Induced hypothermia after cardiac arrest did not improve survival

Three researchers at podium
The results were presented at a press conference in Lund

Since 2005, the guidelines for the care of unconscious cardiac arrest patients have been to cool the body temperature down to 33 degrees Celsius. A large, randomised clinical trial led by Lund University and Region Skåne in Sweden has shown that this treatment does not improve survival. The study is published in the New England Journal of Medicine.

“These results will affect the current guidelines”, says Niklas Nielsen, researcher at Lund University and consultant in anaesthesiology and intensive care at Helsingborg Hospital, who led the study.

In the early 2000s, two studies in the New England Journal of Medicine showed that induced hypothermia in unconscious cardiac arrest patients greatly improved patient survival. The studies changed existing treatment practices, and led to the introduction of new guidelines around the world. However, the evidence for the guidelines was considered by many to be weak. As a result, a large international randomised clinical trial was initiated, and led by researchers at Lund University and Helsingborg Hospital.

The results of the comprehensive study, which has now been published in the same journal, show that hypothermia does not reduce mortality in unconscious patients with suspected cardiac arrest.

“It is important to set high standards for clinical studies, partly to determine what should be introduced in healthcare, partly to challenge the practices that are already in use – to ensure that we have got it right and that healthcare is evidence-based. The results produced strongly indicate that normal temperature should be recommended, not hypothermia”, says Niklas Nielsen.

In total, 1900 adult patients who suffered cardiac arrest and were unconscious when admitted to hospital were included in the study. Between November 2017 and January 2020, a total of 61 hospitals around the world participated in the study which has now been published. The patients included in the study had suffered unexpected out-of-hospital cardiac arrest.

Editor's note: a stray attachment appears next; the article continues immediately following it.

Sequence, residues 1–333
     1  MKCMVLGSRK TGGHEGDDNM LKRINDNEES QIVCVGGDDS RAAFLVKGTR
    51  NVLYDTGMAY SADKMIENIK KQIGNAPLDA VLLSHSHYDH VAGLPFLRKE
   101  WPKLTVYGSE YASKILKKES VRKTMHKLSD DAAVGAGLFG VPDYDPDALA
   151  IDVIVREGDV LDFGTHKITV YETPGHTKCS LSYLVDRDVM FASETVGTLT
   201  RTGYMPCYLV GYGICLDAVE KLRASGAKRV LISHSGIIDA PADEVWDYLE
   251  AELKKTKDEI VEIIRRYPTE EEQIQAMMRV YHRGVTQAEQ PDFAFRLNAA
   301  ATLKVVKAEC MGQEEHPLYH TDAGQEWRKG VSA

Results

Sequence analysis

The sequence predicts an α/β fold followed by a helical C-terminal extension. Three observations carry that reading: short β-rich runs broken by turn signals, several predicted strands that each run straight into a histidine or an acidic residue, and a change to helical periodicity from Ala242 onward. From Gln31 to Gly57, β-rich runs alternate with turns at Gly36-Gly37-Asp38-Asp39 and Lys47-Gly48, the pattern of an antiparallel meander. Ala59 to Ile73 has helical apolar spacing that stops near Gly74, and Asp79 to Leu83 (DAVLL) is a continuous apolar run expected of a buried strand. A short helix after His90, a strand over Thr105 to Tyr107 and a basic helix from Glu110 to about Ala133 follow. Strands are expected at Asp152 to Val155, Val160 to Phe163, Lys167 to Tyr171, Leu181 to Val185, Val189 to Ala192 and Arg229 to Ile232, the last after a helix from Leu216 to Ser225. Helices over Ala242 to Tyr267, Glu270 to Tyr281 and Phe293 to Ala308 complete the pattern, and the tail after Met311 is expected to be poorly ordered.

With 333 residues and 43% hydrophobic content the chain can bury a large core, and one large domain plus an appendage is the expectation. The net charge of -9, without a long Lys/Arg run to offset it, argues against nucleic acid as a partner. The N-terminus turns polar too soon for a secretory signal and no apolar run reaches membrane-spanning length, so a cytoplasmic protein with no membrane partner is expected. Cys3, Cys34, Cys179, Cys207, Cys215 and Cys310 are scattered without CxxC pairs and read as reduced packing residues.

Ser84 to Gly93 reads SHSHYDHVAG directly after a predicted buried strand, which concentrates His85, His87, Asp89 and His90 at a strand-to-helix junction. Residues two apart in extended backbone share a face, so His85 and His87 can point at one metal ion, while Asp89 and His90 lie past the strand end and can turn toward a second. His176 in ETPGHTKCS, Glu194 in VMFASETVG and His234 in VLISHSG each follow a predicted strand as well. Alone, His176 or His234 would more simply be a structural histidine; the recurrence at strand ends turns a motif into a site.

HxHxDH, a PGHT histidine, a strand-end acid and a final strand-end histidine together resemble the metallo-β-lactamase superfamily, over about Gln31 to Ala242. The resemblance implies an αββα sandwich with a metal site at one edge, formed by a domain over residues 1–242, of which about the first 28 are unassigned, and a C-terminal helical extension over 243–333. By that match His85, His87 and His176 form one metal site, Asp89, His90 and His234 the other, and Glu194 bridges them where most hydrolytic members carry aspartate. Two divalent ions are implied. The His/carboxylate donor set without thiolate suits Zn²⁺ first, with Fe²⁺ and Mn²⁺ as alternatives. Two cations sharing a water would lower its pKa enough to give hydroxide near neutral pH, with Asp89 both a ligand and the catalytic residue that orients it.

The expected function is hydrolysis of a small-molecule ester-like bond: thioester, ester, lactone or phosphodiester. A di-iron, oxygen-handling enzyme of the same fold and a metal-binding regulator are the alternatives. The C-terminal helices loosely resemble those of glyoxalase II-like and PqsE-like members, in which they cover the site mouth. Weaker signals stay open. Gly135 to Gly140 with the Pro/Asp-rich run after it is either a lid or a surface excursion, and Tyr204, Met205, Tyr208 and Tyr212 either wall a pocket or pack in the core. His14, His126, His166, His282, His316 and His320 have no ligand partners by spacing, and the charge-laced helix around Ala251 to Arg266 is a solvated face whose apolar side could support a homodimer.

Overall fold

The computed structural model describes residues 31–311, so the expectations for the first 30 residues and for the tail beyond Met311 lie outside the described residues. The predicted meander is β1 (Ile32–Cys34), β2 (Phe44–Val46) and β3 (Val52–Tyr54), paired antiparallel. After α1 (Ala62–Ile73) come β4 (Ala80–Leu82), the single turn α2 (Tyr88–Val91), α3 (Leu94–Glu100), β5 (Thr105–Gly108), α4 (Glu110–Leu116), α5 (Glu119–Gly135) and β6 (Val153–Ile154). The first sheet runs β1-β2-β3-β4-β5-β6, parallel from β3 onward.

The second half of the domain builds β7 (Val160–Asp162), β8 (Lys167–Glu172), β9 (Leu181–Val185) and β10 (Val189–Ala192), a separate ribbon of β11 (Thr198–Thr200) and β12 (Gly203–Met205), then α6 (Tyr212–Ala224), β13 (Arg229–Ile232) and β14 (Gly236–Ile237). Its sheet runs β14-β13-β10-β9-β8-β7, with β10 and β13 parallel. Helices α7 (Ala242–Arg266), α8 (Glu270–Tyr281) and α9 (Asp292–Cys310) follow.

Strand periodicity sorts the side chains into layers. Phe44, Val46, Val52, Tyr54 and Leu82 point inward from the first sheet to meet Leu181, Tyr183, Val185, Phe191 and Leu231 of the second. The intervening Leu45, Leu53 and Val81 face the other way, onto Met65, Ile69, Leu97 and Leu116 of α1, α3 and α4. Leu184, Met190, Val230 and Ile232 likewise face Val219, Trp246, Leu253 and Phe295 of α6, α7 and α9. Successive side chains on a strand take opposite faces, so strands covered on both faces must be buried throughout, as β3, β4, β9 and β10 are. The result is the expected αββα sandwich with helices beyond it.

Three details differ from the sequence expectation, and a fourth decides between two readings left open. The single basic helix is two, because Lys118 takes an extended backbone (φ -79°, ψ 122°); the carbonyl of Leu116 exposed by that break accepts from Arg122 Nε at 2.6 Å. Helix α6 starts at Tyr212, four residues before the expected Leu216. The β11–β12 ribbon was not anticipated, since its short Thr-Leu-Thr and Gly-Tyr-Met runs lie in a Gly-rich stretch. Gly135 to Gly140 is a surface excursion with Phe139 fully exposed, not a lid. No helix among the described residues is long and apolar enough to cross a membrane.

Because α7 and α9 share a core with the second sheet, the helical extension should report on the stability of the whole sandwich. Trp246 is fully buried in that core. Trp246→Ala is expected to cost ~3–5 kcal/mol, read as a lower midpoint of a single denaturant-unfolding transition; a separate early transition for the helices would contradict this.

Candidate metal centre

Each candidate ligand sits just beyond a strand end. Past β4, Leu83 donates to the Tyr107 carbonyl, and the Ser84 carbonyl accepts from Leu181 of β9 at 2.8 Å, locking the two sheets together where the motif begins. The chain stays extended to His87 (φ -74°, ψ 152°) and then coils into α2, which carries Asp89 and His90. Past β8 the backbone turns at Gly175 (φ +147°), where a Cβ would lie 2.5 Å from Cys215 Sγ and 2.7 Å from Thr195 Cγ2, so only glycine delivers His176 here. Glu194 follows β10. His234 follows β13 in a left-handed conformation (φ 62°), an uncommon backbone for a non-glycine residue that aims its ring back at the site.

The patients were randomised into two groups when they were admitted to hospital. In one group, the patients were cooled down to 33 degrees according to existing guidelines, a temperature that was maintained for 28 hours. In the second group, the patient’s body temperature was monitored, and the patients who developed a fever (about half of the participants in this group) were treated with the same method of temperature control, but kept at a normal temperature. The study was ethically approved in participating countries.

Researchers followed up on survival rates for patients six months after receiving care for cardiac arrest. They also investigated how functionality in everyday life was affected in the surviving patients.

1850 patients were included in the survival analysis*. Six months after the patients suffered the cardiac arrest, a total of 465 of 925 participants in the group who were induced with hypothermia had died, approximately 50%. In the normothermia group, 446 out of 925 had died, corresponding to 48%. Researchers saw a slightly increased risk of impact on blood circulation, cardiac arrhythmia, in the group treated with hypothermia.

1747 patients were included in the analysis of patients’ ability to function in everyday life (functional status). In the group treated with hypothermia, 488 of 881 (55%) either died or had a severe functional impairment 6 months later, which can be compared to 479 of 866 (55%) in the normothermia group.

“Since it is a large study involving many hospitals in different countries, it has been logistically challenging to follow up six months after the cardiac arrest. A dedicated effort has been put in to obtaining data. This has meant that sometimes patients have had to be visited at home, some patients have moved, and some suffered cardiac arrest in a country other than their homeland”, says Gisela Lilja, researcher at Lund University and chief occupational therapist at Skåne University Hospital, who coordinated the follow-up in the study.

“The results are important, but not unexpected. For 20 years we have applied and believed in these practices which we now see do not make a difference for survival. Now we can use the resources on other things, and prioritise other aspects of the acute phase of cardiac arrest”, says Josef Dankiewicz, researcher at Lund University and resident physician at Skåne University Hospital, and first author of the study.

Researchers now plan to further analyse patient data to learn more about who is affected, and about recovery after cardiac arrest.

* 36 patients declined to be part of the study, and there is data missing on 11 participants (6 in the hypothermia group and 5 in the other group)

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